In its recent budget, the Hong Kong government announced proposals for the abolition of estate duty....
In its recent budget, the Hong Kong government announced proposals for the abolition of estate duty. In light of this, is there any need to use trusts for estate planning?
Earlier last year, the government issued a consultative document that invited comments from interested parties on future options for estate duty. The document listed several options for its future shape - for example, one proposal was to move to a basis of tax on an individual's worldwide estate based on their domicile. Thankfully, this option has been rejected in favour of the rather radical option of abolition. The government hopes to have legislation abolishing the tax by the end of the summer.
Estate duty in Hong Kong is levied at a maximum rate of 15%, and only on Hong Kong assets. This system virtually encouraged individuals to hold assets outside the territory where possible. In relation to immovable property, such as real estate, there were many schemes used that effectively changed the nature of the property to make it non-Hong Kong situs.
One way to turn Hong Kong property into non-Hong Kong property would be to hold it through an offshore company. Instead of passing on the property on death, the deceased would pass on the shares in the non-Hong Kong company. Due to anti-avoidance provisions that looked through offshore companies that were controlled by Hong Kong residents, it was usual to hold the company shares in an offshore discretionary trust.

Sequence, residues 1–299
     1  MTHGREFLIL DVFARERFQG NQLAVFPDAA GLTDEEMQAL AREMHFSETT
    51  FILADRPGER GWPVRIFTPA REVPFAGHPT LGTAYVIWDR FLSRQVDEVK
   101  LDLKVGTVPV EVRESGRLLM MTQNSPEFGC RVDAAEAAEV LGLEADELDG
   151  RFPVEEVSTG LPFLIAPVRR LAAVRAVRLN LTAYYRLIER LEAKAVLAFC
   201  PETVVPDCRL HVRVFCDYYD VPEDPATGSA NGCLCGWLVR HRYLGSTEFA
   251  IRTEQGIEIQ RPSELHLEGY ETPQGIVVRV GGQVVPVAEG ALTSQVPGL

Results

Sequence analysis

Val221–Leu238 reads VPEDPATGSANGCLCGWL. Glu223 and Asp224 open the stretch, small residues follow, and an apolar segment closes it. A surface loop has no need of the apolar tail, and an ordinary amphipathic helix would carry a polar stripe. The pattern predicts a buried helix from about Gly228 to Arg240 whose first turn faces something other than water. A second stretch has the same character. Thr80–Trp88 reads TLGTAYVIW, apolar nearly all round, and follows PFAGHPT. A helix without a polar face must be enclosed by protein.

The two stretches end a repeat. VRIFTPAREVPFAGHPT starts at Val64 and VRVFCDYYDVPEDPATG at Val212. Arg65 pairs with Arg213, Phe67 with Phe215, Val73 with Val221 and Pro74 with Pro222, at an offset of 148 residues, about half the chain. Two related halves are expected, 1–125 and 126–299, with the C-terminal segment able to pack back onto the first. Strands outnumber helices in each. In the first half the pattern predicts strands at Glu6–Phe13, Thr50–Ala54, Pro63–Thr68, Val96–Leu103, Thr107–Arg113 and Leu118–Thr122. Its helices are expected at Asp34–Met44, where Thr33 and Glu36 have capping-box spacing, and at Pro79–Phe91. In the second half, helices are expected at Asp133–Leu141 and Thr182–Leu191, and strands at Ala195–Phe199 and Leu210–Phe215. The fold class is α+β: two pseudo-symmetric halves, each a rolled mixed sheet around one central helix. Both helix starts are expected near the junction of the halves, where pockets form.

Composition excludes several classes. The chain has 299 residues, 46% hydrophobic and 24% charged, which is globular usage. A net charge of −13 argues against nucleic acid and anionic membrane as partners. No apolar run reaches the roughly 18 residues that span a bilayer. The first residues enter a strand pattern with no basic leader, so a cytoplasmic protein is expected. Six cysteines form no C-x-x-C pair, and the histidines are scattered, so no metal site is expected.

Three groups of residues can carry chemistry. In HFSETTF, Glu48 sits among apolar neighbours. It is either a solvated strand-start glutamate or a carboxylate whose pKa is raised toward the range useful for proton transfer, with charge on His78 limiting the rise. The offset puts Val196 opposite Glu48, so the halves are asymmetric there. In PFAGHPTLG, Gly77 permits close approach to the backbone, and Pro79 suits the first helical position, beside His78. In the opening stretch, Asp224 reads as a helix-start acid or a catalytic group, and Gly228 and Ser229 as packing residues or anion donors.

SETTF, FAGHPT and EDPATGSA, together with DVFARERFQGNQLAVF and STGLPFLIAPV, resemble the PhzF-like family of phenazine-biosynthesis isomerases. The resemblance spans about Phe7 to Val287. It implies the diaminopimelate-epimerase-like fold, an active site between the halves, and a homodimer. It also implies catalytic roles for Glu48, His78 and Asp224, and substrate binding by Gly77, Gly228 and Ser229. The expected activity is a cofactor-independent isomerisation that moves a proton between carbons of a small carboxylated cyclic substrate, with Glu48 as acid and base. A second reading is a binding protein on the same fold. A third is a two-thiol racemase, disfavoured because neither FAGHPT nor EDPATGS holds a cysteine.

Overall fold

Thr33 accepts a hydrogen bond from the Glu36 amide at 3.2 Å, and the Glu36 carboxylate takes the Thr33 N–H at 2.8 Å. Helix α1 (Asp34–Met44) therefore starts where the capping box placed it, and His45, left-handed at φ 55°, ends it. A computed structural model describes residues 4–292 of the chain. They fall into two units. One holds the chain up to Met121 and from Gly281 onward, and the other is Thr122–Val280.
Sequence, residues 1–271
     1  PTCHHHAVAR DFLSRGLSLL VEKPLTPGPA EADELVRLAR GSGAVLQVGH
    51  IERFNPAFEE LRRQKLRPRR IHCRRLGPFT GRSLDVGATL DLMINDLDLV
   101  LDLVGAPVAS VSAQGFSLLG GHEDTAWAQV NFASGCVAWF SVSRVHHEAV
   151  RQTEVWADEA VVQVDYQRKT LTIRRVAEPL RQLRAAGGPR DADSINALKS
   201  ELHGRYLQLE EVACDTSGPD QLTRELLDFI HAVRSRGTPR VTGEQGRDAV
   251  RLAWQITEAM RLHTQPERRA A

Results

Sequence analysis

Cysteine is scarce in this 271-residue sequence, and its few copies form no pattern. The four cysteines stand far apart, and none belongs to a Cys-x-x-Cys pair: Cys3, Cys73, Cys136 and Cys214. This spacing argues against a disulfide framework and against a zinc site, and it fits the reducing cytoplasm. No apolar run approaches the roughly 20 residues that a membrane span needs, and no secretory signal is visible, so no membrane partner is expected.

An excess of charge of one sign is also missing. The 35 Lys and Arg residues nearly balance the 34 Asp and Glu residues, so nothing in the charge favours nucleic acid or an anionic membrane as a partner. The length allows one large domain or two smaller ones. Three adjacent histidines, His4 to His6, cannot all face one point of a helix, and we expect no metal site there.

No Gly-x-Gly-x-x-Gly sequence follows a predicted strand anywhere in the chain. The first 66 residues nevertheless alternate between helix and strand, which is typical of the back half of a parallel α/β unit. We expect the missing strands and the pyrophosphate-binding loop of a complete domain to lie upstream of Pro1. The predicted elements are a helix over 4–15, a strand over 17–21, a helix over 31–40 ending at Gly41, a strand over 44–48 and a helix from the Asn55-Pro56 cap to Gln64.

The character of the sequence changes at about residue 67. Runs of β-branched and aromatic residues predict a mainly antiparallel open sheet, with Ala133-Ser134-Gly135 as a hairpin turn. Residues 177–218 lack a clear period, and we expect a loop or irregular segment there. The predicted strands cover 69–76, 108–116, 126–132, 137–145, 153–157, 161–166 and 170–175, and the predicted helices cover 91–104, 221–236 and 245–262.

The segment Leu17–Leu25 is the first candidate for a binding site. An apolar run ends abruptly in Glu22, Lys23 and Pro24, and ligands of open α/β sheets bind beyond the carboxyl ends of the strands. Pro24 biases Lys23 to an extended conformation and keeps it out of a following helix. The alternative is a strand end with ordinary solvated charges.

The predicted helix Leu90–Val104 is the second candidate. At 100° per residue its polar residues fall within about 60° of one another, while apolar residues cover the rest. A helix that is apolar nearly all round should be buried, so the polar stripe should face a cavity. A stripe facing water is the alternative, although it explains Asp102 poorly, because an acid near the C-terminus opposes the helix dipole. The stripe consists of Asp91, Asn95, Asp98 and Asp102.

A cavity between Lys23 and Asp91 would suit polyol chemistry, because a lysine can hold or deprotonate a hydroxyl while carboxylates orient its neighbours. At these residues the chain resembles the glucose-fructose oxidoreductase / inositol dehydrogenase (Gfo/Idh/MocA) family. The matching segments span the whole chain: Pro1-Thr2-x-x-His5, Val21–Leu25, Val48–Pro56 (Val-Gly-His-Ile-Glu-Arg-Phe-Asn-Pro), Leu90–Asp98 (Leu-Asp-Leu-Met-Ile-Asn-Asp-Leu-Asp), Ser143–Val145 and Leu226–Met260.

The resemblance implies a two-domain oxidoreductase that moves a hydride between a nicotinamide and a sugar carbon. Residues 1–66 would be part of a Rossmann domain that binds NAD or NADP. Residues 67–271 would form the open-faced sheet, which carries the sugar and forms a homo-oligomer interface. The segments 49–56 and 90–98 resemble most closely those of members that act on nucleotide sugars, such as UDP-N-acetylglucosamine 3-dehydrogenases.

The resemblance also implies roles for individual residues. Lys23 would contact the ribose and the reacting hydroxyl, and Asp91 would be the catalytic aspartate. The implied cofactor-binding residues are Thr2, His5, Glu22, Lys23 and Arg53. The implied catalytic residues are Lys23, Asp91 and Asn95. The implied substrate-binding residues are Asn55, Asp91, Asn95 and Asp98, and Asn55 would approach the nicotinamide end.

If run properly, the trustees would be the shareholders and controllers of the company, so no control in Hong Kong could be apportioned, therefore avoiding estate duty. So, with estate duty confined to history, will trusts go the same way?
Certainly, the abolition of estate duty does create less incentive to create trusts where the motivation may have been driven primarily by tax planning. However, there are still many good reasons to create a trust if you are resident in Hong Kong.
The main reason will be for estate planning. Consider what happens to an individual's estate if he or she dies without making a will. This is known as dying intestate, and Hong Kong has law that governs what happens to your estate if you die intestate. Basically, the property will be divided out among certain individuals, who may not necessarily be the ones you wanted to benefit. The table below summarises the rules.
These rules can have quite undesirable effects for many people. For example, a client's father left the family when he was a child and has not seen him since, having had no part in his upbringing. He is married with no children. If the client dies with a total net worth of, say, $10m, his wife will receive the personal effects, plus $1m, plus 50% of the residue, giving her a total entitlement of $5.5m. The other $4.5m will be split equally between the client's mother and father, assuming they are both alive. If the mother is deceased, the father would inherit the whole $4.5m. This is something that clients should be concerned about, but most are probably blissfully unaware of it.
To guard against this happening, the client could make a will. Under Hong Kong law, individuals are totally free to dispose of their whole estate to whoever they wish, so the client could leave all his wealth to his spouse. However, if the assets are held in his name, Hong Kong probate, and foreign probate if non-Hong Kong assets are held, will need to be granted before the estate can pass to his heirs. This process takes on average 18 months to 2 years. This is a long time to wait, especially if bills need to be met, and can enhance the grief of losing a loved one. A trust will still be of use in such a situation.
Clarke replacing Balkham
'Deep-dive analysis of client behaviour'
Ways to mitigate April’s increases
The best equity income funds examined